The main messages in the first video above can be summarized with five words with a snappy single-syllable acronym: Focus, Enjoy, Reset, Visualize, Inhale, Diagnose (FERVID).
For more info, see: “Mental Game” (BD, April, 2020) and the mental game handout.

Here are some cool T-shirt designs related to the mental game of pool:

The most important advice concerning the mental game is:

  • Have a consistent and purposeful pre-shot routine, being sure to visualize and plan successful execution of each shot before getting down.
  • When down on a shot, don’t “pull the trigger” until the alignment and aim looks and feels perfect. Then, with a clear mind and still eyes, execute the stroke. There should be no uncertainty whatsoever just before or during the stroke. If there is, you should get up and re-start your pre-shot routine.
  • Give every shot the respect it deserves in terms of attention and focus, even the “easy” shots.
  • Quiet your mind while in your stance and during your stroke. If your mind is not quiet, get up and restart.
  • Be confident and trusting in your skills and abilities, relying on well-practiced pre-shot routine and shot techniques.
  • Work hard in practice to improve your skills, working on all important technique fundamentals and techniques. That will create more confidence.
  • Take deep breaths when necessary to fight nerves or break tension.
  • Learn from your mistakes and treat mistakes as opportunities to improve later in practice (working on weak skills or missed shots and positions during matches). Always do post-match analysis asking what went well, what needs works, and what is needed to improve. Don’t just be critical. Also praise your personal strengths.
  • Be aware of, recognize, and deal with negative thinking and emotions, replace them with positive energy. Also replace negative self directions (e.g., “Don’t drop the elbow”) with positive ones (e.g., “Keep the elbow still). Remember: “You can’t don’t.” The sub-conscious mind that performs actions needs simple and positive action commands (e.g., “Keep still”) and will sometimes drop the negative words in a command (e.g., “Don’t) and just do the action word (e.g., “Drop”).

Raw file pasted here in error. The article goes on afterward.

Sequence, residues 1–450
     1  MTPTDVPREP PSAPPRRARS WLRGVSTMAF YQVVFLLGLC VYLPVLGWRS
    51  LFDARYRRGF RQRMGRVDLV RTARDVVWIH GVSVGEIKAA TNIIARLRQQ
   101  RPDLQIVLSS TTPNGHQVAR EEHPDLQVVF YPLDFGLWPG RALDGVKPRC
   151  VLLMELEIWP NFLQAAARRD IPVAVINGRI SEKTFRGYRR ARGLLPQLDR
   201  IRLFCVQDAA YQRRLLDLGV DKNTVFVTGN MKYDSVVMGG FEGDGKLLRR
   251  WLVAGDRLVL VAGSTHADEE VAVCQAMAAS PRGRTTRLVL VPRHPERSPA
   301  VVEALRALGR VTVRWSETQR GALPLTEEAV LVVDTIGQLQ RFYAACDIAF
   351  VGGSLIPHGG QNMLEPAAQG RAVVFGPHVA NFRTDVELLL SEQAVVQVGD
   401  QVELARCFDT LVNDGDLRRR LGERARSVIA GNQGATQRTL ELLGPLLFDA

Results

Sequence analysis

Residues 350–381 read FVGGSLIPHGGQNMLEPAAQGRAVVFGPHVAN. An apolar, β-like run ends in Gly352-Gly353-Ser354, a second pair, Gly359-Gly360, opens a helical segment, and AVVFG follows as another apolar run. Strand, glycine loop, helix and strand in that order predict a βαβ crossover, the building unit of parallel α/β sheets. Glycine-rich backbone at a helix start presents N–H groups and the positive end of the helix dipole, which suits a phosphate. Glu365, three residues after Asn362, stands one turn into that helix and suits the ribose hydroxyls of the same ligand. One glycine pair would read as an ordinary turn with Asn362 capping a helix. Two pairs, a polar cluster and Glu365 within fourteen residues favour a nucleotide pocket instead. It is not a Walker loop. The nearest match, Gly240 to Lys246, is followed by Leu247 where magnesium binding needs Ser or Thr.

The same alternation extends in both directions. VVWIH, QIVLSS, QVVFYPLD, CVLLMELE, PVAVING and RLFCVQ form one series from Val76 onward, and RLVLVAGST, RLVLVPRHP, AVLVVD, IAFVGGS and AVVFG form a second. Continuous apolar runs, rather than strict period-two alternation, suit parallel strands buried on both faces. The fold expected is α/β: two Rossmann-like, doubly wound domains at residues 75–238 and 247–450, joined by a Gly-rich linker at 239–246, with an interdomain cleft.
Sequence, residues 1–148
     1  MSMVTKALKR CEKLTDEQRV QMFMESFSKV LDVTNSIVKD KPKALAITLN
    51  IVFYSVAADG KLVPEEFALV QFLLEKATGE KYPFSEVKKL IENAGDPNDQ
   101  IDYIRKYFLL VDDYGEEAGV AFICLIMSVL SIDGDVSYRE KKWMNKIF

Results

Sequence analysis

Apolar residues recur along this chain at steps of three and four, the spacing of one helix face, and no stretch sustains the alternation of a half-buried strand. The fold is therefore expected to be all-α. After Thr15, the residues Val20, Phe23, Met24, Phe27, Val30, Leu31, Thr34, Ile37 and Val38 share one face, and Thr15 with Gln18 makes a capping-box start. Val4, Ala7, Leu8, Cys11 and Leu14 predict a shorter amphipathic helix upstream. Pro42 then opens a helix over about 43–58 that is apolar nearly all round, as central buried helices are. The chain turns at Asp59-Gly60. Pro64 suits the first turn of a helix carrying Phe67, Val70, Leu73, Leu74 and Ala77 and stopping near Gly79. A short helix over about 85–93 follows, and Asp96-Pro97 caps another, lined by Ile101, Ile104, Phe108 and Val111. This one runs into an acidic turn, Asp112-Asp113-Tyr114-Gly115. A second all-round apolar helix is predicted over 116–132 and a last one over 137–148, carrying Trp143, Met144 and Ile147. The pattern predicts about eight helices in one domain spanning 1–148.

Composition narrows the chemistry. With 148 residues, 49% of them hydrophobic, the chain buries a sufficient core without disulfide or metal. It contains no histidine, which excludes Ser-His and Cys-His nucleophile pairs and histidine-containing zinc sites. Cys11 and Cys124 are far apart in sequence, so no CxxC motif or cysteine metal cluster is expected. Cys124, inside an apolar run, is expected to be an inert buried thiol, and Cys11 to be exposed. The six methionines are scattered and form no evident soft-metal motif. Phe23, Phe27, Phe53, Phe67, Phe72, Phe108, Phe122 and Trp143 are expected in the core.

• Be aware of your mindset and use positive self talk to try to stay calm and in the moment, always focusing on the important task or shot at hand.
  • Practice under pressure as much as possible (in leagues, tournaments, sparring, streamed online videos, challenge or gambling matches, etc.). The only way to become good under pressure is through a past history of successful experience under pressure.
  • Make sure your practice is “deliberate” with with clear objectives in mind. Use drills designed to improve performance, making sure they always push you just beyond your skill level and comfort zone.
  • Never give up, even if you are far behind in a match.
  • Work to control only the stuff you can control. Don’t linger on stuff out of your control.
  • Always remind yourself why you play pool (for the fun, social connections, relaxation, challenge, competition, etc.), and try to enjoy the game, even when things are not going well.

For more information, see The Compete Instructional Works of Tom Ross – Volume II: Mental Aspects and Joe Waldron’s collection of articles dealing with the mental side of pool.

The book “Pleasures of Small Motions: Mastering the Mental Game of Pocket Billiards” by Bob Fancher provides good coverage of the mental side of the game. Important messages from the book include:

  • Focus on and enjoy process, and focus less on goals or outcomes.
  • Do not try to deny your fears. Acknowledge and accept them, and do your best to address and manage them (e.g., by being aware and taking deep breaths).

The books “The Inner Game of Tennis” by Timothy Gallwey and “The New Toughness Training For Sports” by James Loehr also provide excellent coverage of the mental and emotional sides of conditioning and peak performance (in any sport, including billiards). See also: other good mental game books.

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